Every morning as I enter my shower, my cat races me to the bathroom to sit on the edge of the bathtub. As soon as I get out and the water is shut off, he jumps down and starts drinking from the shower head. He behaves as if it was the best-tasting water in the house.
Although I clean his actual water bowl multiple times a day, he still prefers the shower water. I have to clean his water bowl often, because he usually pushes his food into it, making the pellets soggy.
Those of us who have parrots easily recognize this behavior. Parrots are notorious for being messy especially when it comes to their eating habits. My cockatoo shovels as many pellets she can in her beak and walks them over to the water bowl to give them a soak, before she eats them.
Dehydration is an imbalance of water and electrolytes. If you have ever been dehydrated you can recount the fatigue, loss of appetite, dry mouth and possible headache. The same can hold true for our critter companions.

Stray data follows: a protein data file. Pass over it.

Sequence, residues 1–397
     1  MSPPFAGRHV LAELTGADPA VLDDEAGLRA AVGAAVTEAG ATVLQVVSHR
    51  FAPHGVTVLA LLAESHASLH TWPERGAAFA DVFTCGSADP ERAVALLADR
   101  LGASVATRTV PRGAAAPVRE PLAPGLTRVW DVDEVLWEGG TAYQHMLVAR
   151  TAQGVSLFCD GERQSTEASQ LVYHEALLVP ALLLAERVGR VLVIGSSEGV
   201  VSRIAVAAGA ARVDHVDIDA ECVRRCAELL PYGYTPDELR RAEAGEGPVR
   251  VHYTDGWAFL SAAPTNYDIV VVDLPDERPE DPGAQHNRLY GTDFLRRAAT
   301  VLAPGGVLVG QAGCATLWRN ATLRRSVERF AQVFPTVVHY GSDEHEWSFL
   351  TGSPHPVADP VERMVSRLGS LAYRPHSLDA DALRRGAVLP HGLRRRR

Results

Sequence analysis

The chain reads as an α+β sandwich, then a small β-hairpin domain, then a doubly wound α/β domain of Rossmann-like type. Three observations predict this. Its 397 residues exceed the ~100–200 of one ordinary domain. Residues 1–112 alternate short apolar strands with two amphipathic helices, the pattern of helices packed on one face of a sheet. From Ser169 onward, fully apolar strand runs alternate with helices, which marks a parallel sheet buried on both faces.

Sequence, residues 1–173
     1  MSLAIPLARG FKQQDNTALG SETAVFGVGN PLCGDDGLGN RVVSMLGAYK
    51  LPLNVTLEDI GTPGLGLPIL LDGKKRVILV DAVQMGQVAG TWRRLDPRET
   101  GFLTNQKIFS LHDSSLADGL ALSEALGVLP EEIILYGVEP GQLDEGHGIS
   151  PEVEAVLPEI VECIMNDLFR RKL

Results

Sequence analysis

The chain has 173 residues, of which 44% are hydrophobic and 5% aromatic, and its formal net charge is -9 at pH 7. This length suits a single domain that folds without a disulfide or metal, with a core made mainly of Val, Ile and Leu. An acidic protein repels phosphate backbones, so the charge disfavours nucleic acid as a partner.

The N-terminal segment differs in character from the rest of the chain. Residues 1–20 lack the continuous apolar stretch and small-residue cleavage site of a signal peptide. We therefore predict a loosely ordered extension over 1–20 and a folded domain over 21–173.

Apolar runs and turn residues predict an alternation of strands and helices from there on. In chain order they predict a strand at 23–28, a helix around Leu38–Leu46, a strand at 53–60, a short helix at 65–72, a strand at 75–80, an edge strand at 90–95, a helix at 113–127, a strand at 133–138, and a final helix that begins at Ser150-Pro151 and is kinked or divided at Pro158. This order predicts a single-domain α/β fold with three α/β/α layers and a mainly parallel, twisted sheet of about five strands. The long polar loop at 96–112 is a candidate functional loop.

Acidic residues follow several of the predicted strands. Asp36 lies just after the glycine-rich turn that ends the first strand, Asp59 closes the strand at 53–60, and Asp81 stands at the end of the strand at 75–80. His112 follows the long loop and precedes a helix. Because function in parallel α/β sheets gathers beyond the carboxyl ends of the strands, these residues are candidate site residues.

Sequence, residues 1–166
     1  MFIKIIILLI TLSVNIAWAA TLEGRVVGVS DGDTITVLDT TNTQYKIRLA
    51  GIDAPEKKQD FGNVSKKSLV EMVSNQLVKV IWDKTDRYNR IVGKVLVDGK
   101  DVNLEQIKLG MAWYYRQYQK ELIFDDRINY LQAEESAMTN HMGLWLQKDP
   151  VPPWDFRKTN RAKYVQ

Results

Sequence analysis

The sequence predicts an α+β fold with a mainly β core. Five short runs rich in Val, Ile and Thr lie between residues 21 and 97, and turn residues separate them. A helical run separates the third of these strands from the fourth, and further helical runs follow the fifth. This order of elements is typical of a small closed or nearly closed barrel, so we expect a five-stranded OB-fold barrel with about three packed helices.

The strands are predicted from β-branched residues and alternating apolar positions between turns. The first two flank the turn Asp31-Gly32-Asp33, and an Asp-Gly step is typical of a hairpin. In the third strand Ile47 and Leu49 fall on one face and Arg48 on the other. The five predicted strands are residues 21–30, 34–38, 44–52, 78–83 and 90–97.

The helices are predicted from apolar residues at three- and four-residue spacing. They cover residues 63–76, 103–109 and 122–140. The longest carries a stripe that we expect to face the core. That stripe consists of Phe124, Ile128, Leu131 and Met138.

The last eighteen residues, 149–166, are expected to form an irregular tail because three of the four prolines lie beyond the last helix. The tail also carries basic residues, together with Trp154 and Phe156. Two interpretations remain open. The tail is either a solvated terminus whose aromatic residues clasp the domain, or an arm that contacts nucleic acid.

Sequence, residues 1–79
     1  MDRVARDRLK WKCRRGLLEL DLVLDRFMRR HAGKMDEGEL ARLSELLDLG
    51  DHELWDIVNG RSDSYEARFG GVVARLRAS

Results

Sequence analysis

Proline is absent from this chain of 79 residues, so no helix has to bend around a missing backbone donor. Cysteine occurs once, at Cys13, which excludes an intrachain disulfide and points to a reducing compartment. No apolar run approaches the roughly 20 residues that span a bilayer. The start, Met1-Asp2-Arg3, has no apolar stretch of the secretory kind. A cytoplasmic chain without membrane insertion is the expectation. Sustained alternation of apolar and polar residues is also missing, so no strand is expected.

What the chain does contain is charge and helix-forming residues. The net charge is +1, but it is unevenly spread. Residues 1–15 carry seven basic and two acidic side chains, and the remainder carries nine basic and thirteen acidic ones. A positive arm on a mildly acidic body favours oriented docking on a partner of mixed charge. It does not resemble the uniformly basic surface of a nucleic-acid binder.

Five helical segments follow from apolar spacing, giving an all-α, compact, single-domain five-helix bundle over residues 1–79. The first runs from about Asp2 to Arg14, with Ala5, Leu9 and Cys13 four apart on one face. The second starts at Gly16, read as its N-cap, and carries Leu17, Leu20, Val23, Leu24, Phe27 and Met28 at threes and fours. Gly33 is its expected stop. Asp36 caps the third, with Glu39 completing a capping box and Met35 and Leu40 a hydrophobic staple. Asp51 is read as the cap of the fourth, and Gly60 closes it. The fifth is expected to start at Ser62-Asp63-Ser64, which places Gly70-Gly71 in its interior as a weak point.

General symptoms for cats and dogs include sunken eyes, lethargy, loss of appetite, dry mouth, depression, panting, elevated heart rate and decreased skin elasticity. For parrots regurgitating dry pellets and repeatingly opening their mouth and sticking out their tongue is a sign of dehydration.
In addition to the hot summer we are having in Western New York, diarrhea and vomiting can also contribute to dehydrated pets. To prevent dehydration clean water bowls daily. Cleaning the bowl will prevent bacteria growth and changing it regularly can make it more appealing for our pets. Observing your pet’s preference and intake can also help. Some may drink more from certain sized bowls or certain types of materials.
Purchasing a water bowl with a weighted bottom will make tipping the water much harder. When traveling or exercising with your pets bring extra water and water bowls. Crushed ice or ice cubes can elicit interaction from your pet and can often turn play into hydration.